Okay, that’s a bug.  It will presumably be fixed before opensuse 13.3 is released.  For now, I had to find out what was up and how to work around the problem.

What changed?

The specific Tumbleweed change was an update of gpg from version 2.1.0 to 2.1.1.  The major change was already there in 2.1.0, but I had not noticed it because everything that I was doing still worked.  The 2.1.1 update broke that.

The specific change was to remove support for old pgp2 keys.  These are the type of key introduced with pgp2 in the early 1990s.  They use RSA  (for the public key encryption) and the md5 digest algorithm for hashing.  These days, the md5 hash is considered too weak.

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Remotely exploitable bash bug

[Update: 9/25/2014 – A quick check shows that opensuse has a patch for this for 13.1, and presumably for 12.3.  You should update your system as soon as possible.  An email message in the factory mailing list explains why this is not yet fixed for factor and contains a pointer to where you can update bash if your system is running public services (such as a web server.]

This will be brief.  Information is coming out about CVE-2014-6271, a bash bug which is potentially remotely exploitable.

I suggest you do a web search for “CVE-2014-6271” if you are looking for information.  Information on this bug was embargoed until a few hours ago, so better information will soon start turning up.

The bug itself is with the use (and mishandling) of environmental variables, particularly when they define shell functions.  The concern is that this might be a vector of attack via shell scripts that can be invoked remotely, such as cgi-scripts on web servers.

I’m not personally concerned.  I am not running a web server, and I doubt that I have any easy attack points for this bug.

There’s no information on when opensuse will fix this, though they are working on it.  The bug is mentioned in the opensuse mailing list, which is where I heard about it.

True-Crypt: something is up

The TrueCrypt home page now says:

The development of TrueCrypt was ended in 5/2014 after Microsoft terminated support of Windows XP.

The page now offers advice that Windows users should switch to BitLocker, and gives advice on how to do that.

If you are a linux user, the best choice would be to use LUKS encryption.

There are rumors floating around as to what is behind this.  But maybe the developers are just deciding that the original need for TrueCrypt has passed, now that most recent systems have their own way of handling encrypted disks.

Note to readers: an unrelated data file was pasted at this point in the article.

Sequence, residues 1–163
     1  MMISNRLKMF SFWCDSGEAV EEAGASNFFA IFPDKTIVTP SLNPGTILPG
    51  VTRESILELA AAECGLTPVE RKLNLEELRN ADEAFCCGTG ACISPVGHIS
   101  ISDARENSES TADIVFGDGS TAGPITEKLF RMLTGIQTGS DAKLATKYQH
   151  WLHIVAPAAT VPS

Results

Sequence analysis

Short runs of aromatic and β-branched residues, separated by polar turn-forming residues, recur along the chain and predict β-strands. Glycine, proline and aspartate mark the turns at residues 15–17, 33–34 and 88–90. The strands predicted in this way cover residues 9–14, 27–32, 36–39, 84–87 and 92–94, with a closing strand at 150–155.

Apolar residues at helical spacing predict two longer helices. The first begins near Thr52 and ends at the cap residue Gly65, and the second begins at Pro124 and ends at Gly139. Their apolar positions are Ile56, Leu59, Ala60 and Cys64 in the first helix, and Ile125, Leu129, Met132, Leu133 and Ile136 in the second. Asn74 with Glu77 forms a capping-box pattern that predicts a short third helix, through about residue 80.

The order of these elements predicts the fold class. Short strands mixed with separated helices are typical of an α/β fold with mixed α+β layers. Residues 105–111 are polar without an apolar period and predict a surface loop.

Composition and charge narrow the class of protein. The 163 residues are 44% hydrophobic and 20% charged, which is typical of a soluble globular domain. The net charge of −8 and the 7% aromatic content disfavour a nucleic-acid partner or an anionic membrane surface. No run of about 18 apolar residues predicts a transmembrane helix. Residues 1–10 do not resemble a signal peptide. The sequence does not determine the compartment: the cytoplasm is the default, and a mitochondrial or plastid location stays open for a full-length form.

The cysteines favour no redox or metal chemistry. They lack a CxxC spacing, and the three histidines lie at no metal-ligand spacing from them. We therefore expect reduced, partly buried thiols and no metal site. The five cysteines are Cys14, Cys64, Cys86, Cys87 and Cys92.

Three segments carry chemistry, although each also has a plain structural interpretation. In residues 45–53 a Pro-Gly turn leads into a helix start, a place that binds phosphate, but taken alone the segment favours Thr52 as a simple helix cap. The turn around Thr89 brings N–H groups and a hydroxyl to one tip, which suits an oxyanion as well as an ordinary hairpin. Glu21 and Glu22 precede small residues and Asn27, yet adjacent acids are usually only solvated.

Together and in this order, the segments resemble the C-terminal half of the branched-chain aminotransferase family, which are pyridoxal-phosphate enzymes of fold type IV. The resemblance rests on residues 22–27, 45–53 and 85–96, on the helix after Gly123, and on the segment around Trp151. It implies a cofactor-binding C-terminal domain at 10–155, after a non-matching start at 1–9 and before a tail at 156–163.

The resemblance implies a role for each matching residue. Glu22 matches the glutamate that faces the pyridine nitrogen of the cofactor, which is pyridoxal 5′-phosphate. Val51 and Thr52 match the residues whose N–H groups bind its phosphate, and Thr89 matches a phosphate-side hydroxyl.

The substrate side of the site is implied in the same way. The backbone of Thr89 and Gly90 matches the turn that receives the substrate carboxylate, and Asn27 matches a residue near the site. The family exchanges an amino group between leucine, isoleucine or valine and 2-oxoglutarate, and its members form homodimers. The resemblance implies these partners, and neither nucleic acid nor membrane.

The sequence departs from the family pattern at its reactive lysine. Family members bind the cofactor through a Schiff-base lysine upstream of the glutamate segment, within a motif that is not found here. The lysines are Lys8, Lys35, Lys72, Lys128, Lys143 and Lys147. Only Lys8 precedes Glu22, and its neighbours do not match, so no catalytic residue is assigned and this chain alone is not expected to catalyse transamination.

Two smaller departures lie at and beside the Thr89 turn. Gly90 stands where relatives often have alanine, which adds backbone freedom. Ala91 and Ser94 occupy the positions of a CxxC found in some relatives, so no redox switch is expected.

Personally, I chose LUKS for encryption on linux.  So the apparent end of TrueCrypt does not affect me.

Ebay hack

If you have an account at Ebay, then you should change the password.  Apparently, Ebay data was compromised recently.

On my first attempt to change password, I got a “page unavailable”.  I was able to change it an hour later.  Other people are also reporting problems.  Possibly, there is more traffic than the site can handle (for password changing), so you might not succeed on the first try.

If you use the same password for paypal as for Ebay, then you should also change the paypal password.  If they are not the same, then your paypal credentials should be safe.  The reports indicate that paypal data was not compromised.

Ebay does send an email message to your registered email address, when the password is changed.  This is protection against the hackers trying to change your password.  If you receive such email,, but did not change your password, then you should report that problem.

Chromium and saved passwords

In my recent review of “chromium”, I mentioned that it offers to save passwords, and stores them in kwallet.  This suggests that they should be stored in encrypted form, due to the way that kwallet works.

Unfortunately, things may be worse.  I recently tested out “chromium” while logged into Gnome.  And when I visited a site where chromium had a saved password, it filled in the password field.  But I was never prompted for the key to unlock kwallet.

It now looks as if “chromium” is saving the passwords in kwallet, where they are encrypted.  But it is apparently also saving them in an unencrypted (but obscured) file in the user chromium profile directory.

This is not good.

Using TrueCrypt with opensuse 13.1

According to an announcement that I saw today, it is now possible to use “cryptsetup” with “truecrypt” volumes.

The announcement was on the lizards mailing list, and also showed up in opensuse forums.

I have not tested this.  The “man” pages for “cryptsetup” do explain how to use it to access a truecrypt volume.  There is currently no support for creating a “truecrypt” volume with “cryptsetup”.

The other way of using “TrueCrypt” is to install “realcrypt” from the packman repos (also not tested).